As I write this, the 2008 Summer Olympics are just around the corner. Athletes from around the world will gather in Bejing, China, to compete in their respective sports in hopes of honoring their countries and fulfilling lifelong dreams of winning Olympic gold. Watching these athletes is like art, as they flawlessly execute movements with speed, power, and grace. It truly is poetry in motion and always inspires me to be the best I can be, too.|
When considering these athletes and their abilities—some of which come from hard work and others that come from natural talent—it's hard to imagine that some of them have overcome insurmountable odds to get where they are today. One notable champion was the late Wilma Rudolph.
Born in 1940 in rural Tennessee, Wilma grew up in a family with 22 children. Her father was a railroad porter and her mother a maid. When Wilma Rudolph was only four years old, she was diagnosed with polio, a crippling disease that rendered her unable to walk.
Her mother did everything she could to help Wilma walk on her own again, even though all of her doctors assured her that it would never happen. Every week, she took Wilma on a long bus trip to a hospital to receive therapy. Although the doctors gave no assurance, they encouraged her to massage Wilma’s legs every day. She taught her other children how to do it, and Wilma's mother and siblings and rubbed her weak legs four times a day.
By the time she was eight, Wilma was able to walk with the help of metal leg braces. After that, she used a high topped shoe to help support her foot, and she played basketball every day with her brothers. Three years later, her mother came home one day to find her playing barefoot! She didn’t even have to use the special shoes anymore!
A track coach encouraged Wilma to start running. She ran so well that during her senior year in high school, she qualified for the 1956 Olympics in Melbourne, Australia, where she won a bronze medal in the Women’s 400 meter relay.
In 1959, she qualified for the 1960 Olympic games in Rome, Italy, by setting a world record in the 200 meter run. At the Olympics that year she won two gold medals—one each for the 100 and 200 meter races. She then sprained her ankle but ignored the pain to help her team win another gold medal by anchoring the 400 meter relay! Just 16 years after being told by doctors that she would never walk again, Wilma was named Female Athlete of the Year by the Associated Press.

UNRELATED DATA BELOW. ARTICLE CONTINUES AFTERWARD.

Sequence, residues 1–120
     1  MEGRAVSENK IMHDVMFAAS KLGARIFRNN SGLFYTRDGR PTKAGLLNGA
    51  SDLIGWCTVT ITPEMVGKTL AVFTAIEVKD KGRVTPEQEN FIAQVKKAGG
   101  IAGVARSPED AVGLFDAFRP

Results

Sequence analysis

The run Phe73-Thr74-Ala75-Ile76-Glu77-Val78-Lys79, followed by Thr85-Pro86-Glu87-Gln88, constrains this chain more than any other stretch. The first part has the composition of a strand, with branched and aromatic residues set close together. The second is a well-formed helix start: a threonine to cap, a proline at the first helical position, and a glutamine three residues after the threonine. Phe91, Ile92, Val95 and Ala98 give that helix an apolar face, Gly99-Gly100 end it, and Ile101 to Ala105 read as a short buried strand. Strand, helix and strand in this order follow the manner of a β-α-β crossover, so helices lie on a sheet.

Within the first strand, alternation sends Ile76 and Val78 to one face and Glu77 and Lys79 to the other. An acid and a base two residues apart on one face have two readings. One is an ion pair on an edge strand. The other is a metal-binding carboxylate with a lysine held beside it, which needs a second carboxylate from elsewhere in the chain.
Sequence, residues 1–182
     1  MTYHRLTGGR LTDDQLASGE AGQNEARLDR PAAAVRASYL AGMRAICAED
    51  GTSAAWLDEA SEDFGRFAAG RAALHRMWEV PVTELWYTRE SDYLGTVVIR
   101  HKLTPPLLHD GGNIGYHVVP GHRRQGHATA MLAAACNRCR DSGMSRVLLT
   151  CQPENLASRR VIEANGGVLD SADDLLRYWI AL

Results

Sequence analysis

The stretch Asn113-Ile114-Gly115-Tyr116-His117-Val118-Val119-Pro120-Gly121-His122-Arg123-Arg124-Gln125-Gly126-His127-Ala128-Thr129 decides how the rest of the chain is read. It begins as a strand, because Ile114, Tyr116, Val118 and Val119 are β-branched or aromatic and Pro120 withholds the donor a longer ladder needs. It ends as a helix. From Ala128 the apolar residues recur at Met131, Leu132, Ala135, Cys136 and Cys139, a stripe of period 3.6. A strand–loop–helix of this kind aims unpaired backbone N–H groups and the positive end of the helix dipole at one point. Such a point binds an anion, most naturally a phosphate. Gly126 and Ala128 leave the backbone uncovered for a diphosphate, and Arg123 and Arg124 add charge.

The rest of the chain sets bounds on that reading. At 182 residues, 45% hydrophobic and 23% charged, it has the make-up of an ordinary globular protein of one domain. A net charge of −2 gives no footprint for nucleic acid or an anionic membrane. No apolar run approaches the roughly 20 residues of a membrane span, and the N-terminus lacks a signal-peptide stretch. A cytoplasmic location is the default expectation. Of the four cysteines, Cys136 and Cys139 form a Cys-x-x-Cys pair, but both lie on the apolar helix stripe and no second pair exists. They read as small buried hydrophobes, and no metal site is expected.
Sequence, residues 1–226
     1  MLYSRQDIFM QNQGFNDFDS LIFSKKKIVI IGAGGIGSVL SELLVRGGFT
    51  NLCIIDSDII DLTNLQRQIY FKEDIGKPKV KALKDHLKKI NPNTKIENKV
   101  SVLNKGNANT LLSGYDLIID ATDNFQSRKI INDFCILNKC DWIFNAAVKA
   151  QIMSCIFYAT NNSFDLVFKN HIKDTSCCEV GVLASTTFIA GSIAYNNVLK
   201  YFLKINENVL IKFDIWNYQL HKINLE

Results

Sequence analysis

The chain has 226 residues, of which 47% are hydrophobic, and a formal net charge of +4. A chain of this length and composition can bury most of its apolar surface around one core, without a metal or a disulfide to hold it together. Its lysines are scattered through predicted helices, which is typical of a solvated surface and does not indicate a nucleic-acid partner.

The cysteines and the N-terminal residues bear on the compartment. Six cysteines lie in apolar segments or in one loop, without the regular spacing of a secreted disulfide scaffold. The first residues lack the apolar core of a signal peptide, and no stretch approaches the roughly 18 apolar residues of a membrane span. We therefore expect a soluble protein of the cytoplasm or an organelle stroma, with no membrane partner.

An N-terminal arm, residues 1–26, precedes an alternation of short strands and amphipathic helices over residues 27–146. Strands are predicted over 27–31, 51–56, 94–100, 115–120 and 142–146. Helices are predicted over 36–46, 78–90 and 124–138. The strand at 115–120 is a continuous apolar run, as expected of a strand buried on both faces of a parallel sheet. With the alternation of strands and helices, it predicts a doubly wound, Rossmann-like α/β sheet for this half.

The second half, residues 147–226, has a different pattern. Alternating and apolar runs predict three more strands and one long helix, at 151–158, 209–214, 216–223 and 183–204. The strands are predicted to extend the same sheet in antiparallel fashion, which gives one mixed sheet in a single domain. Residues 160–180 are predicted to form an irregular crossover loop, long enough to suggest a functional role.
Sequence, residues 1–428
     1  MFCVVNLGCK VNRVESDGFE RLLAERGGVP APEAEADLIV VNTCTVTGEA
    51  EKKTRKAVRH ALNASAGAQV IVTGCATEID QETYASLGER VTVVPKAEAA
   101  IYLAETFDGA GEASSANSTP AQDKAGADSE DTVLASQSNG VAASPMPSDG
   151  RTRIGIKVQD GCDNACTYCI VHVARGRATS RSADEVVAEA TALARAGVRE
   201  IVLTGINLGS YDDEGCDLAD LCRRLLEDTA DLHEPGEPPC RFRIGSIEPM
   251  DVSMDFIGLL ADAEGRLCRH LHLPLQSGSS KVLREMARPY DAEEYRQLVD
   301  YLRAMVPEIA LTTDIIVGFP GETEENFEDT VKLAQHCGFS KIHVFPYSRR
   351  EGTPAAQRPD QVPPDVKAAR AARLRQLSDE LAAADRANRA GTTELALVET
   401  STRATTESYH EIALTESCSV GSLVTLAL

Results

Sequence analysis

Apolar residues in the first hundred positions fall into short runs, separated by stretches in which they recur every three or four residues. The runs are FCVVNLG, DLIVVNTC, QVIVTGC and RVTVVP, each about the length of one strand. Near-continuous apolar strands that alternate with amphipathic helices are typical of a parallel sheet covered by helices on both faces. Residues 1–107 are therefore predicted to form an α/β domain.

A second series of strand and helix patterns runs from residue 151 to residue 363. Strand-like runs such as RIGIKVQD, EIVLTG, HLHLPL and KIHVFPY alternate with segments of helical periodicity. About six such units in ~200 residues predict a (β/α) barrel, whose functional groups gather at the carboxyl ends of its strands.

Wilma Rudolph retired from her running career when she was 22 years old. She went on to coach women’s track teams, encouraged and motivated other young people to reach their dreams, and even started a foundation for children. In 1994, brain and throat cancer took her life, but her influence still lives on today.
One of my favorite quotes from Wilma Rudolph said, “The triumph can’t be had without the struggle. And I know what struggle is.”
Does her quote strike a chord with you? To me, it's about reaching any goal, whether you want to lose weight, get healthy, or fulfill a childhood dream. There are many struggles we all must overcome, but when we do, it makes our achievement that much better. Like Wilma who had a loving family and involved coaches help her learn to walk and then run, we do not have to face our struggles alone either. We can help each other through encouraging words and support just as Wilma’s brothers and sisters lovingly massaged her legs. We can help each other to fulfill our dreams and overcome our obstacles!
This is the lesson you can learn from one of America's greatest Olympic athletes. Even when things seem hopeless, and even if people tell you that it's impossible, never, never give up.
Editor's Note: We hope you'll enjoy this video we found about Wilma Rudolph and her many struggles and accomplishments.
Article created on: 8/5/2008
A Motivational Story of Olympic Proportions
Wilma Rudolph's Uphill Battle to Olympic Gold
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